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According to unconfirmed Irish newspaper reports, middleware developer DemonWare, whose online technology has been used in titles raging from Activision's Call of Duty 3 to Ubisoft’s Splinter Cell, is to be acquired by Activision for a sum e

David Jenkins, Blogger

February 19, 2007

1 Min Read

A registration-required report in Irish newspaper the Sunday Independent has suggested that major publisher Activision is to acquire middleware developer DemonWare, whose technology has previously been used by a variety of third party publishers. DemonWare was formed by Trinity College, Dublin graduates Dylan Collins and Sean Blanchfield in 2002, with its products primarily offering multiplayer functionality including matchmaking services. The company’s clients have included Ubisoft, THQ, Sega, Namco and Activision in games including Call of Duty 2: Big Red One and Splinter Cell: Double Agent. Most recently, the firm provided online middleware to drive the multiplayer component of Activision's major holiday title Call of Duty 3. Overall, DemonWare is best known for its Matchmaking+ and Netcode development suites. Current DemonWare technologies include peer-to-peer and client server support, NAT/Firewall traversal, and voice communication. Neither Activision nor DemonWare have confirmed the newspaper report, which speculates that the deal could have exceeded €15 million ($19.7m) in value. A second report on Irish technology website SiliconRepublic.com suggests that Activision first made a move for the company over six months ago, but that the deal is "still not finalized". In other news related to the major publisher, Activision has been warned again by the Nasdaq stock market for failing to file its most recent earnings in time. The company indicated that the warning was expected, with the investigation into illegal stock option grant practices again being blamed for the delay.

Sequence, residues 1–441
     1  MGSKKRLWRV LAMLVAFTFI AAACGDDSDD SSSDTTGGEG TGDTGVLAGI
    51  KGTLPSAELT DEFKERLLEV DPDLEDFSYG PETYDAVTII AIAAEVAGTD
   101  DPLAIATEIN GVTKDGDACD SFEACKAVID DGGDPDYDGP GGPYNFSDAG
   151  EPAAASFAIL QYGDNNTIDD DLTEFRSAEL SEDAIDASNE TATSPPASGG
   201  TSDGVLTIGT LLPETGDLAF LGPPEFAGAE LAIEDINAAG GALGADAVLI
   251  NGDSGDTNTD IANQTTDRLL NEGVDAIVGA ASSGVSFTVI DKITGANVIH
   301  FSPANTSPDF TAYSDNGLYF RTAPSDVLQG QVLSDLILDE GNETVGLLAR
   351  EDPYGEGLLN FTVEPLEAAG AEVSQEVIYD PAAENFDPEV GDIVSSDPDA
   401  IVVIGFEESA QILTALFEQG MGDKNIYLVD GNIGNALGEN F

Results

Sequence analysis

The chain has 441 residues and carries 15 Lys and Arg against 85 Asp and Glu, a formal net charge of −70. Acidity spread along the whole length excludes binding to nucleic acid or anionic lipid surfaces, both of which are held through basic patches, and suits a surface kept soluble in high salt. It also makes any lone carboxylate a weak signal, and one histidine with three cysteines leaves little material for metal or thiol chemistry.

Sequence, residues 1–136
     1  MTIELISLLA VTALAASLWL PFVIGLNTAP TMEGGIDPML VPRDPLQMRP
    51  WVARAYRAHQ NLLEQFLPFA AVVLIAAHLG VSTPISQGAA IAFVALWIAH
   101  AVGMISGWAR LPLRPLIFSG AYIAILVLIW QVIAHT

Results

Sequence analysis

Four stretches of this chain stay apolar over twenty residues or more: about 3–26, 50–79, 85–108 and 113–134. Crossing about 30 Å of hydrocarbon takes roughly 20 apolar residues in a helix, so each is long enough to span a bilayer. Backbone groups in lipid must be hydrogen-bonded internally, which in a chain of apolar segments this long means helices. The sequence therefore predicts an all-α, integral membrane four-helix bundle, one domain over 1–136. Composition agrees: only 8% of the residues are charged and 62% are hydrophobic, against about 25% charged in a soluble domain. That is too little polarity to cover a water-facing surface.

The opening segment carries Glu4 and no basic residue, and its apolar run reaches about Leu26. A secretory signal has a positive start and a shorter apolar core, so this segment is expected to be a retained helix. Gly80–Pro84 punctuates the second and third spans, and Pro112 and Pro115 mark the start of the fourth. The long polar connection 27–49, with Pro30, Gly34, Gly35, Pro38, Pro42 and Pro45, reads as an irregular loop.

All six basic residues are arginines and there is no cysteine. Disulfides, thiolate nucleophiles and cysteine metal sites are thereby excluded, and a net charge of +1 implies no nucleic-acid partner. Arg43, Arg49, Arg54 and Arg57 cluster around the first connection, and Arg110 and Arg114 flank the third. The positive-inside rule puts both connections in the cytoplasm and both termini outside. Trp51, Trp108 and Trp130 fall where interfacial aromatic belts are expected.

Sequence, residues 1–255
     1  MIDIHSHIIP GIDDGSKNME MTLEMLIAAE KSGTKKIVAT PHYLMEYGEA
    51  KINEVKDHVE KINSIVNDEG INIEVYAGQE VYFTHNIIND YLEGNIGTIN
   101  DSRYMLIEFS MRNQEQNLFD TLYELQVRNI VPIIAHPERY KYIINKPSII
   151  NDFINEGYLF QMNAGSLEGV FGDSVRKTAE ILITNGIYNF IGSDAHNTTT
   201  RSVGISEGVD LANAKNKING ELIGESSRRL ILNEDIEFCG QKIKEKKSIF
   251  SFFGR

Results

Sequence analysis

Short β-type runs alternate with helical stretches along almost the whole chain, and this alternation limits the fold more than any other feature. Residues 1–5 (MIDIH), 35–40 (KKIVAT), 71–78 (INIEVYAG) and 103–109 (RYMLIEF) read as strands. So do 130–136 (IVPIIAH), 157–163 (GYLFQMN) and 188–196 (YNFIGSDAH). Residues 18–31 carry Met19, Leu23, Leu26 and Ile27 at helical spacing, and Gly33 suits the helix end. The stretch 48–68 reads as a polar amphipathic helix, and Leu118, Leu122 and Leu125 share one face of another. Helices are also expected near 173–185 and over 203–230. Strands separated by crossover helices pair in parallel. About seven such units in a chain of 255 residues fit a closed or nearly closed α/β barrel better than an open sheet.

About the Author(s)

David Jenkins

Blogger

David Jenkins ([email protected]) is a freelance writer and journalist working in the UK. As well as being a regular news contributor to Gamasutra.com, he also writes for newsstand magazines Cube, Games TM and Edge, in addition to working for companies including BBC Worldwide, Disney, Amazon and Telewest.

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